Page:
Getting advance media coverage of your fundraising event can work wonders for your bottom line. So, what should you emphasize in your press release that will increase your chances of getting media coverage for your fundraiser?
You should always emphasize the basic elements of news coverage, aka the 5 W’s. Television broadcasting legend Tom Zalaski explains just what media outlets look for in your press release in the article below.
Television, Radio and Newspaper Publicity Begins With 5 W’s
When trying to get publicity for your product, event, organization, business endeavor, fundraiser or whatever, the first contact you will have with the media will probably be through either an email or news release. My newsroom receives hundreds of such communications every week – some well-written, others poorly-written – but that’s for another article.
Regardless of the quality of each submission, each has one thing in common. Each is meant to convey information to the news media that will convince the news organization to give coverage to whatever you are promoting.
Too often in the writer’s zeal and haste to put out that perfect news release replete with facts, figures, background information, email addresses, websites and phone numbers, the basics are forgotten. What are the basics? The 5 W’s.
The 5 W’s are the first thing the newsroom assignment manager looks for when he reads it – Who, What, When, Where and Why. No matter how information-packed your document is, the 5 W’s are really all the newsroom needs to know in making the decision on whether or not to cover the event.
Yours might present the 5 W’s in bullet-point form or in a paragraph.
- Who is organizing a charity event?
- What are you doing to raise funds?
- When is your fundraising event?
- Where will your event be held?
- Why are you raising funds?
For instance, let’s say the local Harley Owners Group (HOG) motorcycle riders will hold a charity ride to benefit Muscular Dystrophy. The paragraph form simply has to state, ‘The Green Bay Harley Owners Group (HOG) will hold a charity ride to benefit Muscular Dystrophy, Saturday, June 4, 2011 at 9am starting at the Brown County Fairgrounds.’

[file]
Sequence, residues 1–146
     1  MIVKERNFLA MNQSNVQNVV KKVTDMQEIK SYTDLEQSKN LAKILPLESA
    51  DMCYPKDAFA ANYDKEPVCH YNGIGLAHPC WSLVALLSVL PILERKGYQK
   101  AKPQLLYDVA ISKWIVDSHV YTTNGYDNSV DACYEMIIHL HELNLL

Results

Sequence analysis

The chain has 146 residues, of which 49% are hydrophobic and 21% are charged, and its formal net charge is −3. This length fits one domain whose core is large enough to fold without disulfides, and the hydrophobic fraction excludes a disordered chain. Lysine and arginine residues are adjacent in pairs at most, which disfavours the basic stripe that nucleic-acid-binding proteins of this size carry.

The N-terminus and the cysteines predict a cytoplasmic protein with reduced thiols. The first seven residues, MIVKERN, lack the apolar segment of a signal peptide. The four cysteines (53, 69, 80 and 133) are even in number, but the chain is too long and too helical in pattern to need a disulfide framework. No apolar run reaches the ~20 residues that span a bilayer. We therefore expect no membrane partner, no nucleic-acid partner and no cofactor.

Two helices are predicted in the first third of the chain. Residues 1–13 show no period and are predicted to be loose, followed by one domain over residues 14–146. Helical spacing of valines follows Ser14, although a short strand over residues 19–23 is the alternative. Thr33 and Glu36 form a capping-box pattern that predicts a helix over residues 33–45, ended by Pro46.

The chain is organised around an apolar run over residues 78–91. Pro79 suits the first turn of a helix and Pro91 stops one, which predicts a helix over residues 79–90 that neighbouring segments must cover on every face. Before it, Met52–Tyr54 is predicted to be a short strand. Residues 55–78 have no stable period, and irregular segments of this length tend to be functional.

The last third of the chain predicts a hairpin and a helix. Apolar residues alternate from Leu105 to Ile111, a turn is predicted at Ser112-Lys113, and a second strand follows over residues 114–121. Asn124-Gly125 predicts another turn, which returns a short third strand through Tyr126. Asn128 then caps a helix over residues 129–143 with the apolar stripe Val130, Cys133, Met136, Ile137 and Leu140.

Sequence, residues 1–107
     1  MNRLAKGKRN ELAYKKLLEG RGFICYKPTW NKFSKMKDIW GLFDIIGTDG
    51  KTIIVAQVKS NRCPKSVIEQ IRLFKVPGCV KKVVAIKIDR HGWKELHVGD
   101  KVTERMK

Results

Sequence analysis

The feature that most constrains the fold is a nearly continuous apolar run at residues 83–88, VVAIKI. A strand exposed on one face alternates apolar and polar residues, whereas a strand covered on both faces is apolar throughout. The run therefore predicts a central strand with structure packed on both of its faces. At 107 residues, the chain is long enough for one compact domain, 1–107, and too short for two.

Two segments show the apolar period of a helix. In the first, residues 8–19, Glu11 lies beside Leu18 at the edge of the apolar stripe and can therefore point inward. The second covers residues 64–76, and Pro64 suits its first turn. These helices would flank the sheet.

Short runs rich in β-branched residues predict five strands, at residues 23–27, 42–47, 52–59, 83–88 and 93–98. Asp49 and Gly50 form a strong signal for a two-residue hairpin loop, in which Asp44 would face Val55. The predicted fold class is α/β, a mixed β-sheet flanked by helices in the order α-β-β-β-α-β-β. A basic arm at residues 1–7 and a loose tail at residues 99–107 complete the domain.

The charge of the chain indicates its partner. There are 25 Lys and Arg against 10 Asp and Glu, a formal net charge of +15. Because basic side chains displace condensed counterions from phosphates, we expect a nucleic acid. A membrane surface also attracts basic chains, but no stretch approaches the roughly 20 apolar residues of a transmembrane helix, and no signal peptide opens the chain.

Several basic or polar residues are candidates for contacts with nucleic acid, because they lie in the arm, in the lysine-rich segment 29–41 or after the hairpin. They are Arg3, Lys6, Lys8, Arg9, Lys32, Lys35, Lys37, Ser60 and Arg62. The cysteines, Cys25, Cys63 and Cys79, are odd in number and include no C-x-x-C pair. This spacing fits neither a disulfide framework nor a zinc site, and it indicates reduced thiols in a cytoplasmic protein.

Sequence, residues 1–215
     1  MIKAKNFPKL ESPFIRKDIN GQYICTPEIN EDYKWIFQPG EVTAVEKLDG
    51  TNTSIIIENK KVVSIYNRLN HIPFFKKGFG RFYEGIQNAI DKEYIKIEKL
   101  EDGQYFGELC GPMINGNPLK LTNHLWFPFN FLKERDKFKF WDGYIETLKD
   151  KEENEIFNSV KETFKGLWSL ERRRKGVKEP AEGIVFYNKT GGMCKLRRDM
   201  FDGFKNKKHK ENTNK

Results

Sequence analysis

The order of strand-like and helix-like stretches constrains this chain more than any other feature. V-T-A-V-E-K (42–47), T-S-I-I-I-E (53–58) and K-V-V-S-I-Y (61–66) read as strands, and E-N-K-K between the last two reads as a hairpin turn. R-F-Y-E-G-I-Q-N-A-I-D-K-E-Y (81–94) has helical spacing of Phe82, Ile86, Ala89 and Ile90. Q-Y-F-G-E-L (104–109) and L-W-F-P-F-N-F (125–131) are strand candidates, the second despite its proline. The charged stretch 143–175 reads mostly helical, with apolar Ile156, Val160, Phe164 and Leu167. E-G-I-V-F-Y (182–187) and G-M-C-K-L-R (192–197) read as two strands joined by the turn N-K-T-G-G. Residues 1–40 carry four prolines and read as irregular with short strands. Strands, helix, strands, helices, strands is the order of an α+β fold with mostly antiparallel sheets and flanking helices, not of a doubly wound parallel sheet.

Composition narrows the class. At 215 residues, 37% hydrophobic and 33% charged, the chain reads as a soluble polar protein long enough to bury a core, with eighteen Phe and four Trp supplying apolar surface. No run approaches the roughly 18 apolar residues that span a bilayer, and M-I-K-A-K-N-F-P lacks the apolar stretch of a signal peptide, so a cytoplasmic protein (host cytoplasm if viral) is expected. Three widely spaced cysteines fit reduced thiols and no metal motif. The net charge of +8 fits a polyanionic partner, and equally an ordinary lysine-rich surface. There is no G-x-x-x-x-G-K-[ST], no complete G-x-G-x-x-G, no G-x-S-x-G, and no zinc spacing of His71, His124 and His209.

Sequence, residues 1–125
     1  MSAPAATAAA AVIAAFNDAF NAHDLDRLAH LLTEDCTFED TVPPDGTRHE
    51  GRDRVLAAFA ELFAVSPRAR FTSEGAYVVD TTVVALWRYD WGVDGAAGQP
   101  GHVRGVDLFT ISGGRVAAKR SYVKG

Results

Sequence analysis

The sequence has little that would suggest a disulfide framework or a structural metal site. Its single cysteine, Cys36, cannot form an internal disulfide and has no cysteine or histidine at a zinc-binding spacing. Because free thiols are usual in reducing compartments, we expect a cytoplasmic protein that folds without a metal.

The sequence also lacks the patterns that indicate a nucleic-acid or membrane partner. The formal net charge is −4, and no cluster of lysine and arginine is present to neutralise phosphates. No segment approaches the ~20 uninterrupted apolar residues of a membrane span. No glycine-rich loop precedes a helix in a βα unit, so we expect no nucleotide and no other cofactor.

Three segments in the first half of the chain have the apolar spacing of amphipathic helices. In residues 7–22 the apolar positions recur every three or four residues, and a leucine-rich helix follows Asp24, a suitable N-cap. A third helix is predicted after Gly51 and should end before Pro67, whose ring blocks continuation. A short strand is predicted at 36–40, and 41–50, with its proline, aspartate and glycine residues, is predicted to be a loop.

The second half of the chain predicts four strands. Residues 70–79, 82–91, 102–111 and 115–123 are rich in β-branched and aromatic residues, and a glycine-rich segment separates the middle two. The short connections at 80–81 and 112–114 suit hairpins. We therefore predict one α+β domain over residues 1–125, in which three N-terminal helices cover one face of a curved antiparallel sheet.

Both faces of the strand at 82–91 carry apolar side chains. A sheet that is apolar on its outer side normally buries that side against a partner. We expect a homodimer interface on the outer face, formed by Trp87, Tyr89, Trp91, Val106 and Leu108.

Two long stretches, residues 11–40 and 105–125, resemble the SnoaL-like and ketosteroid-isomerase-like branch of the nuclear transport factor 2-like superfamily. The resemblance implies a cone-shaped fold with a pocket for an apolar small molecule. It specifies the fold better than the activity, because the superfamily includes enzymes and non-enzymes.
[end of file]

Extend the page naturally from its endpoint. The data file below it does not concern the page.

There you have it – the 5 W’s all in one, simple, short sentence. Yet, you would be amazed at how many we receive that are missing one or more of the 5 W’s.
I have seen some that were missing the date of the event – really, the date! Others did not indicate a time. Some will list the Where for example as simply Sidekicks Bar, leaving the media to ask what city or town Sidekicks Bar is in.
I could not count the number of those I’ve seen where the day and date did not match. They state that an event would be held on Saturday, June 4 when, in fact, June 4 is on a Sunday.
With all due respect to the writer, we in the media know how this happens. Many organizations have annual events that fall on the same weekend each year. Sometimes, the writer looks at last year’s date and puts it on this year’s mailing.
No big deal, but it does force the media to try to contact you to find out if you meant Saturday or Sunday. Then there are those that don’t give a calendar date, only stating that the event will be ‘Tuesday.’
Here’s the problem with that one – what if I receive this communication on a Tuesday? Is the event happening today? Was it last Tuesday and we missed it? Or is it next Tuesday?
Publicity and coverage for your event or activity begins with the 5 W’s. The easier you make it for the media, the more likely it is the media will cover your event.
About The Author
Television news anchorman Tom Zalaski has spent nearly 35 years behind the anchor desk and in daily news meetings where the decisions are made as to what will and what will not make it onto that evening’s newscasts. Tom’s latest book, ‘How To Manipulate The Media For Fun And Profit’ is an inside look at how to deal with the media in times of crisis and how to get them to cover your positive news.
‘How To Manipulate the Media For Fun and Profit’ is available now at http://www.tomzalaski.com and on Amazon and Barnes and Noble.
More Fundraising Publicity Tips
Fundraising Event Tips – Follow the standard who, what, when, where, why, and how press release format, but focus your summary paragraph on the most compelling storyline behind your event. That storyline might be the good work your charity does for a specific cause because human interest stories are always popular. Or, it might be the local celebrities that are attending or the live entertainment that is scheduled because those people are newsworthy in themselves.
Fundraising Publicity Tips – Publicity is what increases community awareness of your fundraising need and your planned fundraiser. This article provides ten publicity tips that will boost your fundraising results. The success of your fundraiser depends on how much publicity your group can attract. Community awareness of your fundraising need and your fundraising offering will always increase your results.
Getting Media Coverage – When non-profit organizations aren’t out changing the world, they’re appealing to supporters and the public for donations. Fundraising is a constant challenge for non-profit organizations and it’s not because people don’t want to give the money – it’s because people don’t always know that there’s a need. That changes by getting media coverage.
How To Get More Media Coverage – Be The Kicker! One of the easiest ways I know of to garner positive television news coverage is to ‘be the kicker’. Logically, your first question is, “What in the world is a kicker?” The kicker, in television news parlance, is that cute, funny, heartwarming, bizarre or otherwise unusual story that is delivered right at the end of almost every local newscast.